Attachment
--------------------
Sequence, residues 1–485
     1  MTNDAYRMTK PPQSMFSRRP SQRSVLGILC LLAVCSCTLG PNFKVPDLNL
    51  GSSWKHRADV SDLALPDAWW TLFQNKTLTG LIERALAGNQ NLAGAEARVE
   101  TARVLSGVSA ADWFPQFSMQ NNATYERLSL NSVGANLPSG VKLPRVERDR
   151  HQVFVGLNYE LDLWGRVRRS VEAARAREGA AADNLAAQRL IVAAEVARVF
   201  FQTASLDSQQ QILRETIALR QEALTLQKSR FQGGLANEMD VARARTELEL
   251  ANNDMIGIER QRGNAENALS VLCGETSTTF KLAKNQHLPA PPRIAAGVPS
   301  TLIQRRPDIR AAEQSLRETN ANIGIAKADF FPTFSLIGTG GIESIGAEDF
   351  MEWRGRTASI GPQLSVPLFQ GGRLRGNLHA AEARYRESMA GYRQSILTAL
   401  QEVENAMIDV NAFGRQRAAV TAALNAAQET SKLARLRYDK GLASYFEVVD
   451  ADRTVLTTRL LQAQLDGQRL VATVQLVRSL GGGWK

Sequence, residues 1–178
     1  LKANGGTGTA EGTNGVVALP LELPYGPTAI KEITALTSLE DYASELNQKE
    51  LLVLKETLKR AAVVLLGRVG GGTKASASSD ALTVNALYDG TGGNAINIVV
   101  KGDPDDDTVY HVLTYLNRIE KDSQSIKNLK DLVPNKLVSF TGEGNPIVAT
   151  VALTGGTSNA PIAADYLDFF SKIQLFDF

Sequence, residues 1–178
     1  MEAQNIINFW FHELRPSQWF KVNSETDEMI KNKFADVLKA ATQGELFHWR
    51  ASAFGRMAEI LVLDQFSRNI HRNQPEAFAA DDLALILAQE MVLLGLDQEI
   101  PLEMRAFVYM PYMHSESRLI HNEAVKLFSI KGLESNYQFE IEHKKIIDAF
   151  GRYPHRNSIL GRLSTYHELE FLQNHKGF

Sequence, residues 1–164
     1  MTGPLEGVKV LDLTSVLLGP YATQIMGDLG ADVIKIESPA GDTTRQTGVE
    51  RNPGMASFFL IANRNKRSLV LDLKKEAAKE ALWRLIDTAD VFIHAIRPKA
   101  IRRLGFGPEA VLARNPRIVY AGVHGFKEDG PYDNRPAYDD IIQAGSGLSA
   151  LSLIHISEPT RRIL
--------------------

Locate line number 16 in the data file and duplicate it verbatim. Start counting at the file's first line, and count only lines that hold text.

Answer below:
   151  VALTGGTSNA PIAADYLDFF SKIQLFDF